Empower DC Community Organizing Techniques

The mission of Empower DC is to enhance, improve and promote the self-advocacy of low and moderate income DC residents in order to bring about sustained improvements in their quality of life. We accomplish our mission through grassroots organizing and trainings, leadership development, and community education.

Empower DC believes that community organizing is the most effective way to uplift low-income communities in the District of Columbia. Community organizing builds the power of people directly impacted by an issue – such as the demolition of public housing or the closure of a school – to create positive, long-lasting change for their communities, their families, and themselves.


Empower DC’s community organizing is guided by these principles:

  • Work with groups of people who share a common problem
  • Develop leadership through training and providing leadership opportunities
  • Develop the self-confidence of leaders and potential leaders
  • Support groups to develop action plans and implement them
  • Use the media to inform the larger community about issues and to gain support
  • Use confrontation when necessary to force a recalcitrant target to negotiate or resolve an issue
  • Leaders, rather than staff, set the agenda for the organization and carry it out

Empower DC Community Organizing 101: Part 2

Ella Baker’s Principles for Organizing

Authored by Je’Kendria Trahan and Monae White, on behalf of BYP100 DC

  • Emphasizing the ability and knowledge of local people to solve their own issues
  • Self Determination – People need to have a sense of their own value and their own strengths.
  • An inclusive environment – identifying who is in the room, who is not in the room and why
  • Organic intellectuals – non-traditionally educated, working class, or otherwise intellectually marginalized folks having the power and ability to form complex understandings of oppression and act on injustices.
  • Group-centered leadership – leaders form in groups and are committed to building shared power and struggling for collective goals.  This is different than leader-centered groups, in which the group id dedicated to the goals and power of that leader.
  • The minimization of hierarchy and the associated emphasis on expertise and professionalism as a basis for leadership.
  • Direct action as an answer to fear, alienation, and intellectual detachment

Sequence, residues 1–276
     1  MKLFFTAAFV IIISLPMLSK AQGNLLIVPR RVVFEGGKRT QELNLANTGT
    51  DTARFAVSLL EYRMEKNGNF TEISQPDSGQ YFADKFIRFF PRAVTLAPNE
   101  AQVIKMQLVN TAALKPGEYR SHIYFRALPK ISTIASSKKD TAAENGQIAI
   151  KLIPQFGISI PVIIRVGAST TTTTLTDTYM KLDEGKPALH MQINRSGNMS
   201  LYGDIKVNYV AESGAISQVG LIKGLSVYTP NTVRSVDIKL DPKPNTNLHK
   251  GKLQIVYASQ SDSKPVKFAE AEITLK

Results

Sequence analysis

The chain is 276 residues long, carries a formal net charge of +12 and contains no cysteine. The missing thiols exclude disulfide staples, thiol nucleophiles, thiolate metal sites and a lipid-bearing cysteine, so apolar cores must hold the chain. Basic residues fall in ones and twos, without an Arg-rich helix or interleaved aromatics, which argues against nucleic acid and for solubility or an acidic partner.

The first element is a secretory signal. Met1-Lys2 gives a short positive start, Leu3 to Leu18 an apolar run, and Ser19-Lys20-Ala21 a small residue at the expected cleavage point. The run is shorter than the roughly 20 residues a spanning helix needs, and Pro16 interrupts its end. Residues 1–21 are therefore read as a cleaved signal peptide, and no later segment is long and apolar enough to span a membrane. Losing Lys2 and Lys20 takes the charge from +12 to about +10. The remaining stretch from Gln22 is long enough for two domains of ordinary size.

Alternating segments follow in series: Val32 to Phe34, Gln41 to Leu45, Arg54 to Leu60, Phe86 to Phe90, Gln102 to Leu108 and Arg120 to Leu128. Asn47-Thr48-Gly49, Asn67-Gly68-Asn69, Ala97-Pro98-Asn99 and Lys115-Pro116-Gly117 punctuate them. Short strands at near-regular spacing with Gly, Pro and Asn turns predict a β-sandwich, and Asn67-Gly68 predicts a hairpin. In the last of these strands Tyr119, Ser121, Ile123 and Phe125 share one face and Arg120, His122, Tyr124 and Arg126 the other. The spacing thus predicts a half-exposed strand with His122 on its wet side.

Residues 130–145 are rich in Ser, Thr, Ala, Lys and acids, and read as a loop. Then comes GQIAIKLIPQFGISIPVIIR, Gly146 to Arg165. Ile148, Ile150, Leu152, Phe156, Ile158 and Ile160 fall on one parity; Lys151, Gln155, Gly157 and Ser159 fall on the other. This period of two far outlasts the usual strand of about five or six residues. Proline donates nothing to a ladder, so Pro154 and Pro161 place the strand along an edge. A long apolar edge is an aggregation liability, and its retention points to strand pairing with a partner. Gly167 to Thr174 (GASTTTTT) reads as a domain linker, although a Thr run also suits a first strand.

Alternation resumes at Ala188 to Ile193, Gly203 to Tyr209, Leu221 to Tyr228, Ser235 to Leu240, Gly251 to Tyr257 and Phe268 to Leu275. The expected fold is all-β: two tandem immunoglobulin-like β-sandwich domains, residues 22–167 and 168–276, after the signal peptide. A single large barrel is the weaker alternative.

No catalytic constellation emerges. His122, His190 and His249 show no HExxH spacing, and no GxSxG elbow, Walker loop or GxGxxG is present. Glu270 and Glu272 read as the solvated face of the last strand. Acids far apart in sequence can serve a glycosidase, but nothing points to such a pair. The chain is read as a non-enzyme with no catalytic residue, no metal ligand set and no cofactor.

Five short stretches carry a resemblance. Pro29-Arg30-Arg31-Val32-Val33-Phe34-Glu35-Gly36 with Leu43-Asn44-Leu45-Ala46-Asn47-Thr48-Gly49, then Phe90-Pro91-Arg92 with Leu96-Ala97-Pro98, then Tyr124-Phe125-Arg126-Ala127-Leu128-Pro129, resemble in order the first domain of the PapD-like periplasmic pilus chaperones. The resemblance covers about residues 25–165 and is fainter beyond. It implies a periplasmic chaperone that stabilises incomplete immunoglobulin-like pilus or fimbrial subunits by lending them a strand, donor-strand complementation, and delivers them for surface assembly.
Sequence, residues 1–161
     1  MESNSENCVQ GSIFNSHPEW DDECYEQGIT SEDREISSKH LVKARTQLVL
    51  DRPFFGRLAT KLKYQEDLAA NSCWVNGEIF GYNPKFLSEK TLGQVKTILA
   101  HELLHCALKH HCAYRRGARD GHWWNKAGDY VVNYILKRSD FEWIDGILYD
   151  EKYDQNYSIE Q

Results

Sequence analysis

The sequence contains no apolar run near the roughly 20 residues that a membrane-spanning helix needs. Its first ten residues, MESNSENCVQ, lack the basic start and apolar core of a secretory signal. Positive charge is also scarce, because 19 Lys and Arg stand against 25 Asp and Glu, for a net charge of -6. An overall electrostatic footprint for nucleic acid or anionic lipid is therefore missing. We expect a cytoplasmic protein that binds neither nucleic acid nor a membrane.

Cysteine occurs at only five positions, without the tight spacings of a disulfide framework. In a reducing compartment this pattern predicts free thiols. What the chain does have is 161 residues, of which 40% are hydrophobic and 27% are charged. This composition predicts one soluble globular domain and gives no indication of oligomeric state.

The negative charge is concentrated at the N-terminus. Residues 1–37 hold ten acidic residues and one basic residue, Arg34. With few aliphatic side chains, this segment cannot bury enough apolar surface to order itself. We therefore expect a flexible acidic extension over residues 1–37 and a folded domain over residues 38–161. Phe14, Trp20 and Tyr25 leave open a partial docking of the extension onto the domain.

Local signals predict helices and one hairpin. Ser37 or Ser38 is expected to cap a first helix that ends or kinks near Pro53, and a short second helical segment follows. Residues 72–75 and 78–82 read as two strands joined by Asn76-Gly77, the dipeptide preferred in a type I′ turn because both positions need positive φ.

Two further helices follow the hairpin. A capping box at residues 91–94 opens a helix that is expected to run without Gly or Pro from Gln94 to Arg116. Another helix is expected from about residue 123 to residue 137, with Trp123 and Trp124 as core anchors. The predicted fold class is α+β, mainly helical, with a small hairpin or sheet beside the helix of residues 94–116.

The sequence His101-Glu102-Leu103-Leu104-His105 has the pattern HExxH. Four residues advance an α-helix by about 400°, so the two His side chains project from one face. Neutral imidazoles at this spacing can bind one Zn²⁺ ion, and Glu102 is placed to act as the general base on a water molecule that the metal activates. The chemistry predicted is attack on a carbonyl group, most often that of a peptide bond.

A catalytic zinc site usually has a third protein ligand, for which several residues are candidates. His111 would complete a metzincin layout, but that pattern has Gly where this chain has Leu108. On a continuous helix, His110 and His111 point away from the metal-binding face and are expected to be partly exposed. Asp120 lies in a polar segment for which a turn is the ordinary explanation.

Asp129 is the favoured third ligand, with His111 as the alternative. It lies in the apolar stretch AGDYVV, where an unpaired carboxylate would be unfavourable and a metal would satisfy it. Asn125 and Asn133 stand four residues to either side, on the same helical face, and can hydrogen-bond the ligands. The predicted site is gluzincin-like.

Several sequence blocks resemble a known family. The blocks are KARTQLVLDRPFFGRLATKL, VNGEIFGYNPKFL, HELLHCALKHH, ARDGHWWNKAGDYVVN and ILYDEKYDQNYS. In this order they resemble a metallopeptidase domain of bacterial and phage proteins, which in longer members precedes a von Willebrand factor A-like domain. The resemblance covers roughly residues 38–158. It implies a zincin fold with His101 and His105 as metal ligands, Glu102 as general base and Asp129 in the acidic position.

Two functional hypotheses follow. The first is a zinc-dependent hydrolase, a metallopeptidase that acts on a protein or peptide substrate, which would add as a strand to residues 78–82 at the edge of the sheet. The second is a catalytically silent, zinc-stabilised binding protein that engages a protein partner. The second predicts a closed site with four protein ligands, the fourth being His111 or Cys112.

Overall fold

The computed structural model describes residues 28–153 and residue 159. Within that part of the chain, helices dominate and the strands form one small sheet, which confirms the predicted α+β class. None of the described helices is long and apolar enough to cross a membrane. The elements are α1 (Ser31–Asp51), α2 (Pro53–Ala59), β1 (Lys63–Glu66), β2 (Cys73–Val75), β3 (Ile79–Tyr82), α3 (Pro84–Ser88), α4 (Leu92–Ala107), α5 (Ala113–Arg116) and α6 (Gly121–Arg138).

• Individuals confront the oppression in their own heads and begin the process of self-transformation and self-actualization
  • Willingness to learn from mistakes and successes and become stronger people in the process: people who believe in themselves and feel as sense of their own powerto affect the world around them.
  • Being a leader – as facilitator, creating processes and methods for others to express themselves and make decisions; as coordinator, creating events, situations and dynamics that build and strengthen collective efforts; and as teacher/education, working with others to develop their own sense of power, capacity to organize and analyze, vision of liberation and ability to act in the world for justice
  • Center people’s humanity while doing the work together

Seeds of Change Organizing Resources

Seeds of Change: Organising Successful Meetings

Seeds of Change: Facilitating Meetings

Seeds of Change: Consensus Decision Making

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Learn More

New York Times: Fighting Racism Is Not Just a War of Words

New York Times:  Black Lives Matter Is Democracy in Action

New York Times: How Protest Works

Washington Post: The Republicans who want to legalize running over protesters

Common Dream: UN: Americans’ Right to Protest is in Grave Danger Under Trump

The New Inquiry: Know Your Rights

Washington Post: ‘Blue lives’ do matter — that’s the problem

The Nation: The Case Against ‘Blue Lives Matter’ Bills

Alternet: Here Comes the Police State: New Laws Aim for Brutal Crackdown on Protest

Common Dream: New Law Would Let Arizona Treat Organized Dissent as Organized Crime

NPQ: UN Investigators Warn of Threats to Right to Protest in the United States

The Intercept – https://theintercept.com/2017/01/23/lawmakers-in-eight-states-have-proposed-laws-criminalizing-peaceful-protest/

Washington Post – https://www.washingtonpost.com/local/public-safety/how-far-can-protesters-go-before-the-government-steps-in/2017/02/04/bd96357e-e8b8-11e6-bf6f-301b6b443624_story.html

Intercept: Republican Lawmakers in Five States Propose Bills to Criminalize Peaceful Protest

Lancaster Online: Protesters could pay for emergency response costs under new bill from Sen. Scott Martin

New York Times: Man Drives Car Through Activists Protesting Transgender Woman’s Death

Phoenix New Times: ‘Plan A Protest, Lose Your House’ Bill, SB 1142, Killed by Arizona House

NY Times: What Happened in Ferguson?

DC Media Group: DC Police Resume Unlawful Mass Arrest Tactic at Inauguration Protests

Slate: The Militarization of the Police

The Intercept: Oklahoma Governor Signs Anti-Protest Law Imposing Huge Fines on “Conspirator” Organizations

The Real News: Congress and Oil Industry Collude to Charge Anti-Pipeline Activists With Terrorism

Democracy Now: #J20 Inauguration Day Protesters Facing Up to 75 Years in Prison

WP: Why SPLC says White Lives Matter is a hate group but Black Lives Matter is not

SPLC: ‘White Lives Matter’

Huffington Post: The Real Reason White People Say ‘All Lives Matter’

Follow Campaign

Partnership for Civil Justice Fund


Right to Protest

Filming Cops